Yet among those thanked in the credits for their help in making the film is Anthony Burke, an I.R.S. spokesman. Mr. Burke said that when Mr. Russo called him asking what law required the payment of income taxes on wages, he sent Mr. Russo a link to documents, including Title 26 of the United States Code, citing the specific sections that require income taxes be paid on wages. Title 26 says on its face that it is law enacted by Congress, but Mr. Russo denied this fact.

"Title 26," Mr. Russo said in an interview last week, "is not the law, it is I.R.S. regulations and to be a law it has to be passed by Congress." Mr. Russo added that he had studied the matter closely and was confident that he had the facts.


Do you really trust a guy that doesn't understand that Title 26 of the US Code is law passed by congress?

The arguments are the same old BS that has been refuted and to further quote the NYTimes story..

Quote:
Arguments made in court that the income tax is invalid are so baseless that Congress has authorized fines of $25,000 for anyone who makes them.
0 Replies
 
timberlandko
 
  1  
Reply Wed 3 Jan, 2007 10:16 pm
OCCOM BILL wrote:
Fair enough Timber. (Vote please)

Fair enough - I voted.
0 Replies
 
OCCOM BILL
 
  1  
Reply Wed 3 Jan, 2007 10:18 pm
parados wrote:
Arguments made in court that the income tax is invalid are so baseless that Congress has authorized fines of $25,000 for anyone who makes them.
That doesn't strike you as a little odd? Watch the last 25 minutes or so of the film, Parados, and I think you too will find something you like. :wink:
0 Replies
 
Roxxxanne
 
  1  
Reply Wed 3 Jan, 2007 10:21 pm
O'Bill, I think you are trying to tug at our collective hearts. OK we watched. We loved it! Feel better?
0 Replies
 
OCCOM BILL
 
  1  
Reply Wed 3 Jan, 2007 10:24 pm
And by the way, if you write your urls like this:
Code: [url=HTTP.whatever.com]Here or This or whatever[/url]
they won't stretch pages and will be easier on the eye.
0 Replies
 
Butrflynet
 
  1  
Reply Wed 3 Jan, 2007 10:33 pm
From the reviews, it sounds like Aaron Russo and Michael Moore have a lot in common, both as videographers and crusaders for their respective agendas.
0 Replies
 
parados
 
  1  
Reply Wed 3 Jan, 2007 10:43 pm
OCCOM BILL wrote:
parados wrote:
Arguments made in court that the income tax is invalid are so baseless that Congress has authorized fines of $25,000 for anyone who makes them.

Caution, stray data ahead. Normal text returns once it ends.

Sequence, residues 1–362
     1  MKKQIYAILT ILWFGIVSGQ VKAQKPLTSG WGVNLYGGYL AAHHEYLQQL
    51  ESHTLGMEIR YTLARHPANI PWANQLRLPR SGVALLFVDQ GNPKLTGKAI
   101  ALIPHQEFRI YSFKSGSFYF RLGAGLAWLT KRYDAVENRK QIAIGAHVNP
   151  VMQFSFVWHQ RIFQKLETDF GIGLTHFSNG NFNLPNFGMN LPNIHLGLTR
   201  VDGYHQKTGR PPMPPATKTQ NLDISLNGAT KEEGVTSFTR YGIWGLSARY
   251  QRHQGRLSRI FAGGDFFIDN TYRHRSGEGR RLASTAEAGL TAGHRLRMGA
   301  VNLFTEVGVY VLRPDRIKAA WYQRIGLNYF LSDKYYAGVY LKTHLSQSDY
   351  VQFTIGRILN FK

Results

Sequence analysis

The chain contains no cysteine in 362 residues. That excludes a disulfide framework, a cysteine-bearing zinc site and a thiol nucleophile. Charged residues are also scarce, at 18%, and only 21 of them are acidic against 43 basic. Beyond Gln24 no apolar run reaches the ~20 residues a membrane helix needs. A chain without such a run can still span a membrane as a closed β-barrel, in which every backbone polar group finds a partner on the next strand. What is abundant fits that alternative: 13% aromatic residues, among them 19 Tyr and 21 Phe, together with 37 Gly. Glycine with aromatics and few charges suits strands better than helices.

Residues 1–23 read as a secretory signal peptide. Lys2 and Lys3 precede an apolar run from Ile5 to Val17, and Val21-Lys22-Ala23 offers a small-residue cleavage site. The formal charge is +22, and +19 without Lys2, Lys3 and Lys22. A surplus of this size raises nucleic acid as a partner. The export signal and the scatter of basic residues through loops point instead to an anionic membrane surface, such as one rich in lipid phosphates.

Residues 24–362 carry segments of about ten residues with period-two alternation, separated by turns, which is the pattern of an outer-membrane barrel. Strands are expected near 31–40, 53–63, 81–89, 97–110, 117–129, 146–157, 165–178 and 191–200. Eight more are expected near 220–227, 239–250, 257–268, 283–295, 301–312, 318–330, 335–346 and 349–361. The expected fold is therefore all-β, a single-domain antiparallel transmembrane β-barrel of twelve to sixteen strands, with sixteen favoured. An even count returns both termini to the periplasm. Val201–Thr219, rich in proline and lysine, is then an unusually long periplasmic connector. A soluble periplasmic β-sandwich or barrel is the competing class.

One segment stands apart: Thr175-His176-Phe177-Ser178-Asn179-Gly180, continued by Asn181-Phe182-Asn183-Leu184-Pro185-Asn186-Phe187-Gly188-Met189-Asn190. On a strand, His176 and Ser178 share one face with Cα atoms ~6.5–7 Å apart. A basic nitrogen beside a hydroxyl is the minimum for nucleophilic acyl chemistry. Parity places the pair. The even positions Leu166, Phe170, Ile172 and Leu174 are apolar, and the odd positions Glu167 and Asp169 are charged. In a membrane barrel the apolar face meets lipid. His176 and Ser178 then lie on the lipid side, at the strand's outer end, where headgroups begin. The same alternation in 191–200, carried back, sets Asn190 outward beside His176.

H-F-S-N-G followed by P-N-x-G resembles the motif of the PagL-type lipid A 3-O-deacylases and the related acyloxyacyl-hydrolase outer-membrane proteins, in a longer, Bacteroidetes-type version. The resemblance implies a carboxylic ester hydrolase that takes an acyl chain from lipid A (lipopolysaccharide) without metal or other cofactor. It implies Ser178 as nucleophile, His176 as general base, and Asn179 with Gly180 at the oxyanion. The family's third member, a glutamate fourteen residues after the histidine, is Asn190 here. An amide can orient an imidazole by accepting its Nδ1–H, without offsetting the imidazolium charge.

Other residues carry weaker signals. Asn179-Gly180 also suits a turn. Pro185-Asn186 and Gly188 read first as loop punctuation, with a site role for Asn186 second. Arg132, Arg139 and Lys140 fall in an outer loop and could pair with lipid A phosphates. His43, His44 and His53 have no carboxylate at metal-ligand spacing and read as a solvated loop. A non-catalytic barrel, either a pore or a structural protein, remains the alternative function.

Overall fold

That doesn't strike you as a little odd? Watch the last 25 minutes or so of the film, Parados, and I think you too will find something you like. :wink:


Why would it strike me as odd? It is odd that people argue something that courts have said is not a valid legal argument. It is odd that some people expect courts to continue to listen to those silly arguments. It isn't odd that Congress has passed a law to try to prevent people from tying up the courts with an argument that has no standing.

Quote:
Section 6673. Sanctions and costs awarded by courts

(a) Tax court proceedings
(1) Procedures instituted primarily for delay, etc.
Whenever it appears to the Tax Court that -
(A) proceedings before it have been instituted or maintained
by the taxpayer primarily for delay,
(B) the taxpayer's position in such proceeding is frivolous
or groundless, or
(C) the taxpayer unreasonably failed to pursue available
administrative remedies,

the Tax Court, in its decision, may require the taxpayer to pay
to the United States a penalty not in excess of $25,000.



I find the film to be poor quality and entirely misleading. It makes Michael Moore look like a genius and completely truthful. (Which he isn't.) It would be a much better film was about how the world was flat and it was a conspiracy to tell us it isn't. Recycling arguments that have been found to be completely without merit doesn't make for a good film.
0 Replies
 
OCCOM BILL
 
  1  
Reply Wed 3 Jan, 2007 10:58 pm
parados wrote:
OCCOM BILL wrote:
parados wrote:
Arguments made in court that the income tax is invalid are so baseless that Congress has authorized fines of $25,000 for anyone who makes them.
That doesn't strike you as a little odd? Watch the last 25 minutes or so of the film, Parados, and I think you too will find something you like. :wink: